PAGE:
Category Archives: Organizations

Celebrating Saugatuck, With A Mural And More

In 1852, Horace Staples — owner of a lumber and hardware business, silk and axe factories, shipping vessels and a thriving pier — founded the Saugatuck Bank.

Two years later he moved it to National Hall — his new building a couple of miles upriver, just across the bridge from a small downtown area overshadowed by the far more dynamic Saugatuck section of Westport.

Eventually, Saugatuck Bank became Westport Bank & Trust. It outgrew National Hall — which turned into Fairfield Furniture — and relocated to a pie-slice-shaped building nearby, where Church Lane feeds into the Post Road.

In 1965 the bank — whose motto was “A Hometown Bank in a Town of Homes” — commissioned Westport artist Robert Lambdin to paint a pair of murals. “Shipping on the Saugatuck” and “Hotel Square” were hung with great fanfare in the impressive, high-ceilinged room. (They’re still there, though the bank morphed a while ago into Patagonia.)

Robert Lambdin's old-time murals lend a touch of Westport history to modern-day Patagonia.

Robert Lambdin’s old-time murals lend a touch of Westport history to modern-day Patagonia.

In 1970 — to celebrate the opening of a new branch in Saugatuck, just down Charles Street from the Arrow restaurant — Westport Bank & Trust hired Lambdin to create a 3rd mural.

The artist incorporated more than 2 centuries of Saugatuck history into his new work. He painted Disbrow’s ferry, from 1745; the iron swing bridge, built in 1884; oxcarts, farms, churches, wharves, warehouses, factories and ships.

Standing prominently in the center is Captain Sereno Gould Allen, one of Westport’s last market boat captains.

The mural is framed — somewhat incongruously — by the I-95 bridge. It looks almost elegant. But when the “Connecticut Turnpike” was built in the 1950s, it destroyed the heart of that pulsing neighborhood.

Robert Lambdin's magnificent mural.

Robert Lambdin’s magnificent mural.

Westport Bank & Trust went the way of most local banks. It was swallowed up by bigger ones: Lafayette, Hudson. In 2013, TD Bank shut the Saugatuck branch for good.

Fortunately, the mural survives. In fact, it thrives.

TD Bank donated the work to the town. After restoration by Joseph Matteis, it’s the centerpiece of a wonderful new Westport Historical Society exhibit.

Called “Saugatuck @ Work: Haven of Community, Industry, Innovation,” the show includes photos and memorabilia — old maps, patents by Saugatuck inventors, costumes, and ship and railroad logs — from Saugatuck’s long history. (Did you know that before Italians came to work on the railroad, Irish did the same?)

Speaking of trains, there’s fascinating information on the role of transportation in the development of Saugatuck. The area is blessed with a river, Long Island Sound, rail lines — and of course, the highway.

Construction in 1957 of the Connecticut Turnpike bridge in Saugatuck. The highway ripped through that neighborhood.

Construction in 1957 of the Connecticut Turnpike bridge in Saugatuck. The highway ripped through that neighborhood.

The show includes photos of Saugatuck today, during its dramatic rebirth. Larry Untermeyer’s photos show new restaurants and shops, replacing some of Lambdin’s scenes.

A companion exhibit (“Framing Saugatuck: History Under the Highway”) shows the harsh impact of construction. The new interstate destroyed homes, businesses, even the Methodist Church.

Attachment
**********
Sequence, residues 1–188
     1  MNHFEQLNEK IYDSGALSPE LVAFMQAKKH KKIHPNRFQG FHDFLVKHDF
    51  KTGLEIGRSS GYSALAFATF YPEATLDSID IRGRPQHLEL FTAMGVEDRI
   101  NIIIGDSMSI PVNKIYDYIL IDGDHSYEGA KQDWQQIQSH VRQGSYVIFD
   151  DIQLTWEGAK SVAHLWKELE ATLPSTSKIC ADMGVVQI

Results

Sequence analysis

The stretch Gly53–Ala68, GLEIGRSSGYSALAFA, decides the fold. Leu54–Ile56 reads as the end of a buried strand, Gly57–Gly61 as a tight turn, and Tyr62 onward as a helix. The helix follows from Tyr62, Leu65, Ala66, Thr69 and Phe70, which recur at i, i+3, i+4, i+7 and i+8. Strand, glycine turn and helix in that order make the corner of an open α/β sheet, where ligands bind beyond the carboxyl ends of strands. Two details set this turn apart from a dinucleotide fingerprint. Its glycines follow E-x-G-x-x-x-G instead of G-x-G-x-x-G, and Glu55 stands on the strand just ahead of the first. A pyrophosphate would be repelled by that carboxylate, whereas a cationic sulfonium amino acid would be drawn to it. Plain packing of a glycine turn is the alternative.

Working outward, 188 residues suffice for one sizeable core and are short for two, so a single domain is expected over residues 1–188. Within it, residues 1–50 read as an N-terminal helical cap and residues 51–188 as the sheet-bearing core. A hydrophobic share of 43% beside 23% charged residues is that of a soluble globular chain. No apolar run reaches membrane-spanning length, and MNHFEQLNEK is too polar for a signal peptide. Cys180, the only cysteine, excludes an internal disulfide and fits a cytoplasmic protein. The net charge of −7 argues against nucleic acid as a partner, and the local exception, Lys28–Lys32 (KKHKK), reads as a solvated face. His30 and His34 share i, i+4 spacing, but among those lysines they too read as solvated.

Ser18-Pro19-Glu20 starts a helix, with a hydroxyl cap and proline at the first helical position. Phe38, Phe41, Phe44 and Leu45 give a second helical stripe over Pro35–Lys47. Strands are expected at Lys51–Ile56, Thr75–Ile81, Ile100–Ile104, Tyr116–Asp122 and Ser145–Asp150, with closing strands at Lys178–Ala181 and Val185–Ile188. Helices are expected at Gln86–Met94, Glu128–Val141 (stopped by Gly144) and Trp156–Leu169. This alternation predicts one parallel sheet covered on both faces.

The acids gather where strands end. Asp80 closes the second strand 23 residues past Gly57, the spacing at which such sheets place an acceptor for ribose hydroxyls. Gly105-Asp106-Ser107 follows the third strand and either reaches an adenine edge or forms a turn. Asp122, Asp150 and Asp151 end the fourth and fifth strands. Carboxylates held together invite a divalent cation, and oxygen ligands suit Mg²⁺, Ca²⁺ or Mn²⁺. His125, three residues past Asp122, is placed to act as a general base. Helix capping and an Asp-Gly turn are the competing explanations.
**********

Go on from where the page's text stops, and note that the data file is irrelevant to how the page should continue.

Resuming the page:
The turnpike’s route was a political decision. The exhibit shows alternate possibilities. It could have cut the heart out of Green’s Farms — or even been double-decked over the Post Road, right through downtown.

The WHS exhibit runs through May 30. Lambdin’s Saugatuck mural then moves across the street to Town Hall, becoming part of Westport’s public — and very impressive — permanent art collection.

(For more information on the exhibit, click on www.westporthistory.org)

 

 

Dozens Of Staples Students Dodge Cops

Occasionally, Westport kids run from cops. Tonight, they ran toward them.

And threw dodgeballs at their heads.

The cops threw them right back.

In fact, cops and kids were on the same team. They played with and against each other, in the Westport Youth Commission’s annual “Dodge a Cop” event. Staples’ Teen Awareness Group co-sponsored the event.

Dodgeball kids 2

The dodgeball tournament — held in the Staples fieldhouse — drew over 100 students. They came from every social group: athletes, actors, robotics team members, you name it. The English department had a group of teachers.

Each of the 31 teams had at least 1 police officer. Talk about someone having your back!

Each player paid $5 to participate. The money goes to Homes With Hope.

That’s a big 10-4.

Basketball players...

Basketball players…

Staples Players (the actors) ...

… Staples Players (the actors) …

teachers...

… teachers…

... and police officers all had a great time tonight, at the Youth Commission's annual "Dodge a Cop" event.

… and police officers all had a great time tonight, at the Youth Commission’s annual “Dodge a Cop” event.

 

 

 

200-Unit Apartment Proposal Galvanizes Westporters

Just 24 hours after it went online, a petition opposing the proposed 200-unit apartment complex on the site of the Westport Inn gained over 300 signatures.

Residents in the Long Lots area have formed a group: Westport United for Responsible Development.

Their petition — available at Change.org and addressed to 1st Selectman Jim Marpe — reads:

Ranger Properties, the current owner/developer of the Westport Inn at 1595 Post Road East, proposes to demolish the Inn and to replace it with a 200 unit multi-family apartment complex. The developer is using the Connecticut Affordable Housing Statute to bypass Westport’s zoning laws and build an apartment complex that would never be permitted under the existing local zoning laws.